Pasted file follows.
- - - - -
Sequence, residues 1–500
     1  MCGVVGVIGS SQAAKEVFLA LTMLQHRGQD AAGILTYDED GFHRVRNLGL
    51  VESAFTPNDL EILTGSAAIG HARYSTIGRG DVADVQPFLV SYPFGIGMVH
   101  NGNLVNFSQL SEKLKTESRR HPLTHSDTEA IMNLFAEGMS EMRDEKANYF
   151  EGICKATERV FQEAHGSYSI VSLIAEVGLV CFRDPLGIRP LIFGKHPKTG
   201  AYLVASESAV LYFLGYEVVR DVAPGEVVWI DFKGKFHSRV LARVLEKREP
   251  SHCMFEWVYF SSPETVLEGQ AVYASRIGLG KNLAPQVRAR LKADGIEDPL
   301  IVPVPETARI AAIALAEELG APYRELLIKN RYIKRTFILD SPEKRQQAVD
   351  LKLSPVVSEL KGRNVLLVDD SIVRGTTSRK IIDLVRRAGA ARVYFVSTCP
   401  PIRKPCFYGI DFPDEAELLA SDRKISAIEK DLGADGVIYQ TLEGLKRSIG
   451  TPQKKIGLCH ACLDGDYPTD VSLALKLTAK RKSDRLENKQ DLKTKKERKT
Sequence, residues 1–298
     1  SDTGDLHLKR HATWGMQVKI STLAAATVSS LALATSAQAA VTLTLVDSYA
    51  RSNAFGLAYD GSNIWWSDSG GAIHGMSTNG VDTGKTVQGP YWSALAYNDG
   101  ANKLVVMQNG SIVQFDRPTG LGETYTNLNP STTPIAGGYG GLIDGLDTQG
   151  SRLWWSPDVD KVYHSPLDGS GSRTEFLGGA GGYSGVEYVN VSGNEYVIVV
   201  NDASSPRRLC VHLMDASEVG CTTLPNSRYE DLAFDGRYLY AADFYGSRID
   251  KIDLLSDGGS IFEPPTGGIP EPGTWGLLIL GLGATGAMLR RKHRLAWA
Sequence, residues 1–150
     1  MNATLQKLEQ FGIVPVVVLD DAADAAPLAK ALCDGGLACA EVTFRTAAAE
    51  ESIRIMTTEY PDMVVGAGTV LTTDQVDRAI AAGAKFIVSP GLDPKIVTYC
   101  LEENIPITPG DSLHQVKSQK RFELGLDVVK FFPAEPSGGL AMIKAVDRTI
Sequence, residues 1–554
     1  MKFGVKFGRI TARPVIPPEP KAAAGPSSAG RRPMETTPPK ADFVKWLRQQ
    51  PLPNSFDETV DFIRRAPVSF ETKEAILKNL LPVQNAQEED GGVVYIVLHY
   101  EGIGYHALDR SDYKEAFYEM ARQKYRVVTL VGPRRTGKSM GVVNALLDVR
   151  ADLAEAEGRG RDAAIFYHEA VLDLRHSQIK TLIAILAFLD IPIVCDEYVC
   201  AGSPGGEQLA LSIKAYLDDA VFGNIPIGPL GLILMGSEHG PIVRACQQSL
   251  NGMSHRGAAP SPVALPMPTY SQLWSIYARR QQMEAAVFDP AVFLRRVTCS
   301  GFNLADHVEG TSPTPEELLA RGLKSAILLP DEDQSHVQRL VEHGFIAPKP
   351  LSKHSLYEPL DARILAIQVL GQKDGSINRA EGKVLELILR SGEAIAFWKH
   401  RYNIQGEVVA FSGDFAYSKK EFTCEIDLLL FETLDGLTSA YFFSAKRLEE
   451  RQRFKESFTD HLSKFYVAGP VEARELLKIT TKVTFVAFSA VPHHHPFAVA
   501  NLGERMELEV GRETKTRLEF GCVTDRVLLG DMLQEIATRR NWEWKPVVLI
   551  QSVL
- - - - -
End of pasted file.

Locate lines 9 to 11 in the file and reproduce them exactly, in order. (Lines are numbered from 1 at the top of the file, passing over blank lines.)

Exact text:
   351  LKLSPVVSEL KGRNVLLVDD SIVRGTTSRK IIDLVRRAGA ARVYFVSTCP
   401  PIRKPCFYGI DFPDEAELLA SDRKISAIEK DLGADGVIYQ TLEGLKRSIG
   451  TPQKKIGLCH ACLDGDYPTD VSLALKLTAK RKSDRLENKQ DLKTKKERKT